Mission complete…for now

My journey into tabbing has been well covered in previous posts. Some five and a half years from being a runner and cyclist, I moved onto running with a backpack. It has helped shape who I am today and has allowed me to find strength and determination I never believed I possessed.

Also in other posts I have bored the socks off you with references to the Fan Dance. I will assume you are either (a) a regular reader and know what I’m talking about, or (b) intelligent enough to use a certain famous internet search engine (which now seems to be a verb) to find out more.

Anyway, after five years and two attempts, I was back in the Brecon Beacons on Friday night to register for my third attempt on Saturday. With many things going on in my life this year, my relevant Fan Dance training was practically zero compared to the previous attempts. I had two reasons to be quietly positive though. Firstly, I bought a better pair of boots last year and they were proving to be a winner. Secondly, at the end of April, I did a solo Fan Dance exercise and did it within the four hour time window, but with a slightly lighter backpack (19kgs).

Registration is an interesting arena. Mixtures of quiet competitors, mean looking ones, terrified ones, and worst of all, in my opinion, loud cocky ones. In the middle of it are the Directing Staff, giving out instructions, and organising everything in precise military fashion. One key thing is to listen carefully. Even then, you can go wrong.

The other purpose of registration is to get your Bergen weighed, checked and tagged. I got mine out of my car, weighed it with my trusty luggage scales and it came in at 16.5kgs, which is half a kilo over, which I can live with. So over to the weighing tent I go. Put it on theirs and it’s underweight. Shock. They weigh it in pounds, so it turned out it was a pound and a half under. So, back to the car to find some dead weight to go in it. I was tempted to nick a stone off a wall nearby, fully intending to replace it later, but thought better of it and used my rubber mallet instead. Back to the tent and who should be at the scales, but my Fan Dance nemesis. He remembered me from the Paras 10 in May and we had a pleasant chat. The bag was bang on. Relaxation time. It did make me think though that if my scales are wrong, my 19kg practice Fan Dance could have easily been 18kgs perhaps. Making me wonder if I could really do it in under four hours with 22kgs.

The campsite was fairly lively, which was great, but not when your alarm is set for 5 am. So, in with the earphones and off to sleep I went, and frustratingly woke up at 4.40. So I got up and started boiling water for breakfast. All admin sorted, and got to the start at 6.15.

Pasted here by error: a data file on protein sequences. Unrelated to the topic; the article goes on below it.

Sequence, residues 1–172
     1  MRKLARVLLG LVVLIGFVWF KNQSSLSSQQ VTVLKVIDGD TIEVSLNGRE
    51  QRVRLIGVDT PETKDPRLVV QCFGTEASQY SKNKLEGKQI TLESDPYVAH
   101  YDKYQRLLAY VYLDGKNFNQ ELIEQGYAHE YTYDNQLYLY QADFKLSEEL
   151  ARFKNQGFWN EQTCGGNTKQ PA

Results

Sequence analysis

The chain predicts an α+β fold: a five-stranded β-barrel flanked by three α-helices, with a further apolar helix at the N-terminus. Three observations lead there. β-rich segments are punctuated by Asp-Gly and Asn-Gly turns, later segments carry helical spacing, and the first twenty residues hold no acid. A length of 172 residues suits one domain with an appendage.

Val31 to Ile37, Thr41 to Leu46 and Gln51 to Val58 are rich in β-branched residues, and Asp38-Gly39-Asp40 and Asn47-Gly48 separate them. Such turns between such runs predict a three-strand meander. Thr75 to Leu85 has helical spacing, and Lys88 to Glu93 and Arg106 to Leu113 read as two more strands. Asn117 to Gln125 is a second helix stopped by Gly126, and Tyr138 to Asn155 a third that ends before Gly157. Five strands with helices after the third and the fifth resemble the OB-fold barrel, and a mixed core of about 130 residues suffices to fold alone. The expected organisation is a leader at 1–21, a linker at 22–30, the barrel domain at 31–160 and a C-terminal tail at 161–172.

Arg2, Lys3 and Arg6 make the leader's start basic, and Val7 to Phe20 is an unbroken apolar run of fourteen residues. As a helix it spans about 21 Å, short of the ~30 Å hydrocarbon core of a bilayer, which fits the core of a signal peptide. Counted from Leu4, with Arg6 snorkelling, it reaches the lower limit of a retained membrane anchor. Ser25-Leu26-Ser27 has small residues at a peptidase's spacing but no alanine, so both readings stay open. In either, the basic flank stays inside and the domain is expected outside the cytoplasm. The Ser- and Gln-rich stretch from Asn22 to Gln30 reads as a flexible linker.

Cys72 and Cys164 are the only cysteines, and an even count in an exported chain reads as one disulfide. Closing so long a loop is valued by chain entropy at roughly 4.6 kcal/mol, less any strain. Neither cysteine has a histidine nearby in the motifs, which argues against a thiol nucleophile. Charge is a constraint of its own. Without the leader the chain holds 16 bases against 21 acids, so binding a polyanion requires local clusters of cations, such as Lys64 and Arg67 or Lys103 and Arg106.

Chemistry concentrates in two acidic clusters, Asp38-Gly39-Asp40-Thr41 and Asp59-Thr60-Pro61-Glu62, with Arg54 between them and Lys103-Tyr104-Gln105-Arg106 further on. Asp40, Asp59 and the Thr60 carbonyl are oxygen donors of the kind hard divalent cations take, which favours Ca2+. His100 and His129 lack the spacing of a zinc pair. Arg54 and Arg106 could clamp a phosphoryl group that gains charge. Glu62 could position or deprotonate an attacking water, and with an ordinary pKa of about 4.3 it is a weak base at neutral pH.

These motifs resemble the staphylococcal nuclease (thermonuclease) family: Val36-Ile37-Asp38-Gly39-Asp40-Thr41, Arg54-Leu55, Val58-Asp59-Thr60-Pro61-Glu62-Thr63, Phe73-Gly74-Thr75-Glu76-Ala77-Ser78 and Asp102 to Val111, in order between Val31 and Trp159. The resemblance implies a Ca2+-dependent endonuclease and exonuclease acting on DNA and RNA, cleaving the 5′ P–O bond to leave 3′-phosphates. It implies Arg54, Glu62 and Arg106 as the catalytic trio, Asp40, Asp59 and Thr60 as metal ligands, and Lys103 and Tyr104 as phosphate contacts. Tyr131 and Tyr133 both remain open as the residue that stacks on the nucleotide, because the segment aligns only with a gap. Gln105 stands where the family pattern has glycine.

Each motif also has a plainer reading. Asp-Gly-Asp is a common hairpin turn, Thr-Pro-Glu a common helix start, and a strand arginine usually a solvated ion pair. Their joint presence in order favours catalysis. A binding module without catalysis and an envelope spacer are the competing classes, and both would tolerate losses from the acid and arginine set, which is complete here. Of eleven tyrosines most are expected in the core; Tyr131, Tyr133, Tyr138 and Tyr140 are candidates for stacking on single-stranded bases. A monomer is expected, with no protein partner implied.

In a world of people getting offended by things, the race brief was not for the easily offended. A very frank, to the point speech about giving it your all and to politely start at the back if you weren’t going to go hard. I had no intention of bring intimidated and made my way to the front. The rapid march started just after 7 am and off we set. Finding myself in touch with the front runners and rapidly overtaking other marchers. Being careful not to blow out in the first two, and arguably most brutal, miles. Over the summit and down Jacob’s Ladder, I could see very little in front of me in terms of competition. Within one hour and forty minutes I was at the halfway point, refilling my water carrier and hitting the trail home. It’s always a great feeling knowing that you’re over half way. I set myself a seemingly unrealistic target of reaching the summit, some four miles away, within one hour of the half way. This four miles including the Roman Road, predominantly uphill and the infamous and punishingly brutal Jacob’s Ladder. I knew it was near impossible but I needed something to aim for. As unbelievable as it sounds, my right hand touched the very last rock to scramble over at the top of the ladder only one hour and ten minutes from the half way point. At that moment I realised my dream was possible. Just two miles down the mountain lay the red telephone box and the culmination of five years’ training, thought and possible obsession. I began to think how bittersweet it felt. On one hand, my dream of completing the march in four hours before I’m 40 very much assured, barring any disasters, yet on the other, the void of having potentially no dreams or further aspirations to motivate me coming up.

So it was head down, brain off, legs striding down the hill to finish in three hours and thirty-five minutes. To be told I was 9th overall and my time was elite, was very humbling, and the emotion of surprise support at the finish line made the experience even more special.


Four days later, I’m still struggling to take it in. Today at lunchtime, I entered the next big target so the motivation continues. The Fan Dance still has a huge draw for me and I will definitely return in some capacity either supporting or competing. Self belief going through the roof, it’s hard not to wonder what else I’m made of.